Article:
Summary: Day of Defeat: Source. $20, 4 maps, HDR lighting, fast gameplay... but very closely based on a free mod. How to decide? Jakub's got his thoughts, as well as 99 yummy screenshots full of blood and gore and LMG camping.
So Iím wondering why I paid $20 for Day of Defeat: Source, which is apparently Day of Defeat with nice graphics, some gameplay updates, and four maps. Thatís right, you count them: four maps. Enemy Territory had six maps. I donít even know how many the original Day of Defeat had, but Iím willing to bet my right nut it had more than four. Also, Iíve been told that there are fewer weapons now; apparently the original Day of Defeat gave some choice to certain classes about which weapons they could use. From the deep and thoughtful discussions that occur on Half-Life mod servers, I managed to gather between the ďwtfpwnĒs and ďu closet h0m0 n*****Ēs that the weapons that have been modeled for DoD: Source are the more popular ones from DoD.
So again, this brings us to the $20 issue. On the one hand, Enemy Territory is quite exceptional Ė after all, no one releases games for free on the internet. On the other hand, even high quality mods are usually free. Whether your flavor is Counter-Strike, Red Orchestra, or Desert Combat, you didnít actually pay for those. Mod developers have their own incentive for toiling away at their creations Ė to gain experience and gather the attention of actual development teams who will hire them. If thereís an actual market for these, all the better, right? How many of us would have paid for Counter-Strike back even before 1.0, knowing how good a game it was at the time? Of course, that brings us to the other issue, how good Day of Defeat: Source actually is.
DoD: Source is a team-based multiplayer World War II shooter. Though community lingo describes it as capture the flag, DoD is more like Domination from Unreal Tournament; players move in on flag points to capture them. There are five per map and the team with more points under its control gains points. Capturing the entire map is instant victory, otherwise the team with the most points wins when the timer runs out. To seize a flag, one or sometimes two teammates must be in close proximity of it without any enemies nearby to block the capture. Like Enemy Territory or the Battlefield series, once you die you wait for the next wave of reinforcements. Unlike Enemy Territory and Battlefield, spawn areas are fixed and do not change.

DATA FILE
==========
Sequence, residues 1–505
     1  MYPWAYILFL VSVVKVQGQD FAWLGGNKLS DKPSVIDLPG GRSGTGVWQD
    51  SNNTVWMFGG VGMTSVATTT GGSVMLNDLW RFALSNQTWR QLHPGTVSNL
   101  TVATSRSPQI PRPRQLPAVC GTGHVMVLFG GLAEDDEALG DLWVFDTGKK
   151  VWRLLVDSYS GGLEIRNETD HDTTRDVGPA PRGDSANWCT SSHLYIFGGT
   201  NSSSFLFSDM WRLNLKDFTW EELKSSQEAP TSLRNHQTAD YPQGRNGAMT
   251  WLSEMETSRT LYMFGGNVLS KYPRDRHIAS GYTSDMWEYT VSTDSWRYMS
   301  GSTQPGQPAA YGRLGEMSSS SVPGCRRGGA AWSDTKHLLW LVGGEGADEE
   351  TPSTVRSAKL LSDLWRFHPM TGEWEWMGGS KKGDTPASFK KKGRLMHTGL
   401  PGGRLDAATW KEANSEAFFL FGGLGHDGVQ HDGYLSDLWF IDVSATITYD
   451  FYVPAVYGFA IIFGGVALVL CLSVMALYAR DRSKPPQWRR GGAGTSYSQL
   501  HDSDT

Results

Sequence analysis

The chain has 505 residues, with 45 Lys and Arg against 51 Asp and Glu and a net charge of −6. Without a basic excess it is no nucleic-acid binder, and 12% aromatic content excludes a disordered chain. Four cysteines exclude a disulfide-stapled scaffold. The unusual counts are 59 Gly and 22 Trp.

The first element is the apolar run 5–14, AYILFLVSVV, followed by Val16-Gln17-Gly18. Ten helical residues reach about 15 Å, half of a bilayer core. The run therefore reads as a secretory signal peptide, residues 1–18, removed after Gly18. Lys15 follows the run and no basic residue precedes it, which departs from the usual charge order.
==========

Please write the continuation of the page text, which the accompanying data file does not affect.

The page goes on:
Weapon balance is intriguing in Day of Defeat. The German Kar98 bolt-action rifle is often capable of killing a target in a single hit, though this isnít guaranteed. This means that even though, as a long-barreled weapon with a slow rate of fire it is supposedly worse at close combat, there are players who excel with it even at short range due to its stopping power. Generally though, the SMGs of the Assault class are best suited for short ranges, with the assault rifle-toting Support class filling a middle-ground between rifles and SMGs. Rifles enjoy the ability to fire rifle grenades, adding a great deal of distance to the nade and being able to kill pesky machine gunners and snipers by bouncing shots off walls. This seems to impede the utility of the bazooka and panzerfaust-toting rocket infantry, who are seemingly without a niche. Machine gunners are deadly in the right location and useless out of it. Their guns need to be deployed on a secure surface, but this doesnít mean just the ground. Oh, no, anything will do Ė a window sill, a wall of sandbags or even a bathtub if that is your fancy.